Brexit recovery continues with robust services numbers

Jake Cordell
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Consumer spending has held up in the wake of the EU referendum (Source: Getty)

The post-referendum slowdown is set to be significantly better than first feared, vital services industry data out this morning has confirmed.

The closely-watched purchasing managers' index (PMI) for the sector which accounts for three-quarters of the UK economy came in above expectations at 52.6 for September - solidly in the above-50 zone which signifies expansion.

The reading dipped slightly from the 52.9 recorded in August, though the expansion showed the "UK continues to recover from Brexit vote shock," Markit, which compiles the index, said.

Economists said the numbers indicated the UK economy grew by between 0.2 per cent and 0.3 per cent in the third quarter of the year - significantly better than many feared in the immediate aftermath of the 23 June vote. The figures complete a week in which all three PMI scores - for manufacturing, construction and services - came in above expectations.

"Across the three sectors, the pace of economic growth signalled was the strongest since January, fuelling greater job creation as companies shrugged off short-term Brexit worries and enjoyed the benefits of a weaker currency." said Chris Williamson, chief business economist at Markit.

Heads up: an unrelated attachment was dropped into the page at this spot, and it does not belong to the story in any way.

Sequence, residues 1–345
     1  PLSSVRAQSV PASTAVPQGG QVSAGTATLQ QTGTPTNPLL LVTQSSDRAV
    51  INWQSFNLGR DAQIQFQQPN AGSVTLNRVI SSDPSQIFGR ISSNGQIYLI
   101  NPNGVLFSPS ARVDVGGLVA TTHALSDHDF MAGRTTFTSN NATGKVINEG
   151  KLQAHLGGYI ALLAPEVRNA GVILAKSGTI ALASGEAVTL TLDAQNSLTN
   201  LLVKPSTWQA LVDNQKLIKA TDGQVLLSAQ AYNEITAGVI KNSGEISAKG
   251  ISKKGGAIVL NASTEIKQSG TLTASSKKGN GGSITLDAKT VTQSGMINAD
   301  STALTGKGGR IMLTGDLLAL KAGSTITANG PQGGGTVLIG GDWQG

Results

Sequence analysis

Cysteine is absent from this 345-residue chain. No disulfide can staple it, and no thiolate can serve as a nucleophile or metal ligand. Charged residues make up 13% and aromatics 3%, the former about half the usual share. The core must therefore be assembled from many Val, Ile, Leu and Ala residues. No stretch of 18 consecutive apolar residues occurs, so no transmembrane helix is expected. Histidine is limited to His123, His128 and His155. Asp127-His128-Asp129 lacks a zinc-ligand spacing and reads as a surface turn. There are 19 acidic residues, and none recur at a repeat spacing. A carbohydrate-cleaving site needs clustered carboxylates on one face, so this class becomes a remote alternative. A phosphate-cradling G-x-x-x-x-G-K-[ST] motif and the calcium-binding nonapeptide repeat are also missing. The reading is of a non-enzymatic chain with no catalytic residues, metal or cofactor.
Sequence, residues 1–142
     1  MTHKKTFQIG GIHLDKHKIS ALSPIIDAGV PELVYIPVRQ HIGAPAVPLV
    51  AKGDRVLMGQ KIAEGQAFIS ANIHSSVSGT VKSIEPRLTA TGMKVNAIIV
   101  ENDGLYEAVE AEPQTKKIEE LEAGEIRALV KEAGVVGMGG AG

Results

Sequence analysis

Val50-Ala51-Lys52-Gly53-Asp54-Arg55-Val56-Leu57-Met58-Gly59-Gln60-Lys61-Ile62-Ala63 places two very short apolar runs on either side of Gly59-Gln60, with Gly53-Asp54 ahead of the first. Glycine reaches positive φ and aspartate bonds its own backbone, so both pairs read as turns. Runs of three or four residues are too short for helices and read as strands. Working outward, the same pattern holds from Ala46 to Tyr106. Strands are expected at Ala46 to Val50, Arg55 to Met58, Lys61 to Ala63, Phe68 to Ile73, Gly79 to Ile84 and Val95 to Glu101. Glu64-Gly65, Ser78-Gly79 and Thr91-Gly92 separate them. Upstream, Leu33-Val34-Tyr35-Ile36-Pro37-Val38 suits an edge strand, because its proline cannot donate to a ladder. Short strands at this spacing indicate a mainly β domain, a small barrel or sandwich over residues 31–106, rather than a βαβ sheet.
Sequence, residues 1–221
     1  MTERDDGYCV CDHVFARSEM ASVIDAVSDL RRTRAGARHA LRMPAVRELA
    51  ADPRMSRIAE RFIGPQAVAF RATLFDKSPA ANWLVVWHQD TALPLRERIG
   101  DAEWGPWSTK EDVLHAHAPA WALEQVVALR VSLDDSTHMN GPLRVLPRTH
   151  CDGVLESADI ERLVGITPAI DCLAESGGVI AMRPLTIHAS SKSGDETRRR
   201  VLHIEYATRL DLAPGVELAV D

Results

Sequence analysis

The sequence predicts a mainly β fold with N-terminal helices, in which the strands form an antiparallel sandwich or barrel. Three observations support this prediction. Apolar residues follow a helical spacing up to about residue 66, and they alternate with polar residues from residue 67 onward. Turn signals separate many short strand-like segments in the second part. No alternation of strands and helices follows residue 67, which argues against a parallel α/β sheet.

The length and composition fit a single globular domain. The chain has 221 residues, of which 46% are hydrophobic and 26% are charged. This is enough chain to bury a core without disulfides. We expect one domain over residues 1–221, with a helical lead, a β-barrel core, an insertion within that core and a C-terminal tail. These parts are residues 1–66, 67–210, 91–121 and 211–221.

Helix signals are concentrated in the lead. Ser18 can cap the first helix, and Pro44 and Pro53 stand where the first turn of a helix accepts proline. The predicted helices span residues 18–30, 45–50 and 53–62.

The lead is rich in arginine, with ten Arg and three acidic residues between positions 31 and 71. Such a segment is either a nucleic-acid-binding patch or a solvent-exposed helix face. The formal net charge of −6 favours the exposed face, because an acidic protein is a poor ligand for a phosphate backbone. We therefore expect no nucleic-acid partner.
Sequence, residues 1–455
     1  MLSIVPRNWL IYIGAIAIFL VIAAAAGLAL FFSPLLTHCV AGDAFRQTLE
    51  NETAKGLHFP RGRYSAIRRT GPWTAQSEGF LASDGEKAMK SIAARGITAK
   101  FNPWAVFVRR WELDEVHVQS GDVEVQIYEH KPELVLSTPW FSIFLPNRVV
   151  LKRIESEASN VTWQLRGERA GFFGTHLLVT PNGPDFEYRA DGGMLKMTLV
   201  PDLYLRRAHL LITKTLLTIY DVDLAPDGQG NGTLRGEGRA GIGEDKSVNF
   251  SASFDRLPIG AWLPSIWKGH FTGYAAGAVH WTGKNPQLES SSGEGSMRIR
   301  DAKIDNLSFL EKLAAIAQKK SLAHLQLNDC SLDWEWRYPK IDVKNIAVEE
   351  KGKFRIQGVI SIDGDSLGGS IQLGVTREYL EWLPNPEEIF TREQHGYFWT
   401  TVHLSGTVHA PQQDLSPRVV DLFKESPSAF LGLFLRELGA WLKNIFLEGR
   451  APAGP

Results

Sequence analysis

Financial markets were nudged only slightly on the news, with the pound dipping very modestly around the time the data was released. However, in a week of violent swings on the currency markets, political news and Brexit speculation is the only game in town for forex traders.

Markit's Williamson added: "The solid PMI readings for September will cast doubt on the need for any further stimulus from the Bank of England in coming months. It’s clear, however, that the pace of expansion has cooled since the first half of the year, reflecting widespread concern about the potential future impact of Brexit.

"As such, the economy remains vulnerable to further setbacks and the need for policy action later in the year cannot be ruled out."

However, Paul Hollingsworth at Capital Economics said: "It could be that the economy is just in a Brexit “sweet spot”. Some of the positive developments since the vote – such as action by the monetary policy committee (MPC) and the drop in the pound boosting export orders – have been felt before the major adverse consequences, in particular a rise in inflation and consequent hit to households’ real incomes.

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